Opening up to new, less resource intensive, futures

What will our future look like? Depending on who we ask, we will get vastly different answers. A tech-enthusiast might tell us about a future in which we have loads of free time thanks to robots and AI doing all our work. A climate activist would most likely warn us of unbearable heatwaves, floods and famines. While a space-fan might hope we will all live among the stars. Future visions vary not only between individuals but are also highly influenced by the society (time, culture) the one that envisions them lives in. 120 Years ago, a chocolate manufacturer envisioned our cities would have roofs on top of them to protect us from the weather, but also live broadcasting of theatre performances. And, while narratives around the future are mostly embodying western ideals and aesthetics, African and South American artists envision futures based on their cultures. 

Who decides which future(s) becomes reality? 

Seeing all these different visions on the future makes me question how we decide which future(s) become reality. While there is always an element of uncertainty, we are not powerless in shaping our future and have always been doing so through means like policies we enact and technologies we develop. Looking at it from this perspective shows how unevenly distributed the power to shape the future is. Powerful corporations and western countries have more influence on the future than the marginalized. So perhaps, to get the most accurate picture of how the future will look like we should ask technology corporations in western nations. The future they predict is all about hyper personalization and automated decision making (ADM) relieving us from the burden of making decisions and everyday chores. Catering to the persona of the techno-hedonist, who values comfort and convenience above all else (Dahlgren et al., 2021). Which only further increases consumption in a world whose resources are already depleting at an irresponsible speed and unfair distribution.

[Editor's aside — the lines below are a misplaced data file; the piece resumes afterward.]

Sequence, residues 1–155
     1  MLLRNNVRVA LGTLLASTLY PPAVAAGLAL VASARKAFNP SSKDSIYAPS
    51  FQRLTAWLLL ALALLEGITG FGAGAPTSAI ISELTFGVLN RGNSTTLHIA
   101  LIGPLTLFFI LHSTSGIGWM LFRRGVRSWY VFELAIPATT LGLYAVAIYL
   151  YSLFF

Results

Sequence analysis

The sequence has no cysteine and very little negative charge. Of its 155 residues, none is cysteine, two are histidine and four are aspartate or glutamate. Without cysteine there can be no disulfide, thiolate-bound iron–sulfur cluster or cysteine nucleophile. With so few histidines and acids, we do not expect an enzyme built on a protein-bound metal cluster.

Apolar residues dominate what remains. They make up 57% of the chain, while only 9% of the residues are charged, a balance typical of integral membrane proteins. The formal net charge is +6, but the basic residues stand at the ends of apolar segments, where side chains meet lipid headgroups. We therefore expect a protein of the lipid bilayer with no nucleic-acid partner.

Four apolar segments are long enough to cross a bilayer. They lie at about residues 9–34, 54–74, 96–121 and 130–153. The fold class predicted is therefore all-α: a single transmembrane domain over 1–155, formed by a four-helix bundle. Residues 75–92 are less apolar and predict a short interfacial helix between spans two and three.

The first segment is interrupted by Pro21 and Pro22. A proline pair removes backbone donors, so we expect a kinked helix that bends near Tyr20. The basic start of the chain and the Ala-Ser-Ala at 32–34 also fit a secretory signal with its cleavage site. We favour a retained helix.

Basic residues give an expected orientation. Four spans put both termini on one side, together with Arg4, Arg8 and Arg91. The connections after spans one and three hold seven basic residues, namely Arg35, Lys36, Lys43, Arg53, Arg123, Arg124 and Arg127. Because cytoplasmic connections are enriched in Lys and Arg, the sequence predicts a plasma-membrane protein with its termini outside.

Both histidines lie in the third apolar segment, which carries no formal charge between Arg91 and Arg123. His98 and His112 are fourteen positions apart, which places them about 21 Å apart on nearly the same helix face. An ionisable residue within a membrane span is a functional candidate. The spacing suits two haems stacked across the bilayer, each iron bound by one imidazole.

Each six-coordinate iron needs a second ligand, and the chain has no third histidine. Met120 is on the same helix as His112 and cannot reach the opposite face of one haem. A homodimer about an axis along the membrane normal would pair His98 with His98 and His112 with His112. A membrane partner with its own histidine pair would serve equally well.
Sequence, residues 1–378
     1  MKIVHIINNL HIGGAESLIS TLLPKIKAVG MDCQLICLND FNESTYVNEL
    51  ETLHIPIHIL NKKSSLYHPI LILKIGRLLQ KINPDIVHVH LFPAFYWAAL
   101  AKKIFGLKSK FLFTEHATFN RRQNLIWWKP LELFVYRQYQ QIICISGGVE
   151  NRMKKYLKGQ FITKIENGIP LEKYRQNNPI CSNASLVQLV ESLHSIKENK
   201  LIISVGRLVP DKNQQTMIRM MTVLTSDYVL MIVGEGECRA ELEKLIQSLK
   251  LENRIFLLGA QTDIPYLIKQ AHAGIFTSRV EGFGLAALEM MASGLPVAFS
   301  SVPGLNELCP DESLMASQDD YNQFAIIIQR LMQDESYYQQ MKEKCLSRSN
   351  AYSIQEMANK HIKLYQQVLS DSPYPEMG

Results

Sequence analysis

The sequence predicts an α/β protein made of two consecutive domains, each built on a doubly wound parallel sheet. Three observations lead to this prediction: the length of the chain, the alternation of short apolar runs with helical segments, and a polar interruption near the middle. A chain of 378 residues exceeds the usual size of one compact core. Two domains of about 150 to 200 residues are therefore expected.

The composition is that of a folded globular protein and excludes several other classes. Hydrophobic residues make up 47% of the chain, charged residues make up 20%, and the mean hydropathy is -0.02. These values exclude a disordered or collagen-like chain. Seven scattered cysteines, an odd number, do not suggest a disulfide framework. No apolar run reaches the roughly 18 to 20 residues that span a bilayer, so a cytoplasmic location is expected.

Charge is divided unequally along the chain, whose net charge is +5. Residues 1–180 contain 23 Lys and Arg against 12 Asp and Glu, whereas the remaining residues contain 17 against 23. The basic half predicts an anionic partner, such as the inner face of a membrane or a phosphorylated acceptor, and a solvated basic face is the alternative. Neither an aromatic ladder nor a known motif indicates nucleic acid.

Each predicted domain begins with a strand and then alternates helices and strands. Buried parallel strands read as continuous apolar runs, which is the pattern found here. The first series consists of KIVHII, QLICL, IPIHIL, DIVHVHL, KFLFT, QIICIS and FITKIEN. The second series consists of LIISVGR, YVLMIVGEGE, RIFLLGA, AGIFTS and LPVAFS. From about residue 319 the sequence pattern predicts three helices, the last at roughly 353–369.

But are there alternatives? 

Sceptics might say the price we need to pay (giving up on the convenience of our current resource usage) to change this is too great or that capitalism (and by extension consumerism) is simply human nature and there are no alternatives, a phenomenon Mark Fisher (2009) called “capitalist realism”. This “death of alternatives” is summed up nicely in this quote by Fredric Jameson and Slavoj Žižek: 

‘It’s easier to imagine the end of the world than the end of capitalism’ 

Fredric Jameson and Slavoj Žižek

I think what makes it so hard to envision an alternative is the fear that whatever we might discover could be worse than what we have right now. We are blinded by the negative possibilities of change so that we fail to see what we might be able to gain. Robert Kiyosaki says it well, when he said: 

Don’t let the fear of losing be greater than the excitement of winning’

Robert Kiyosaki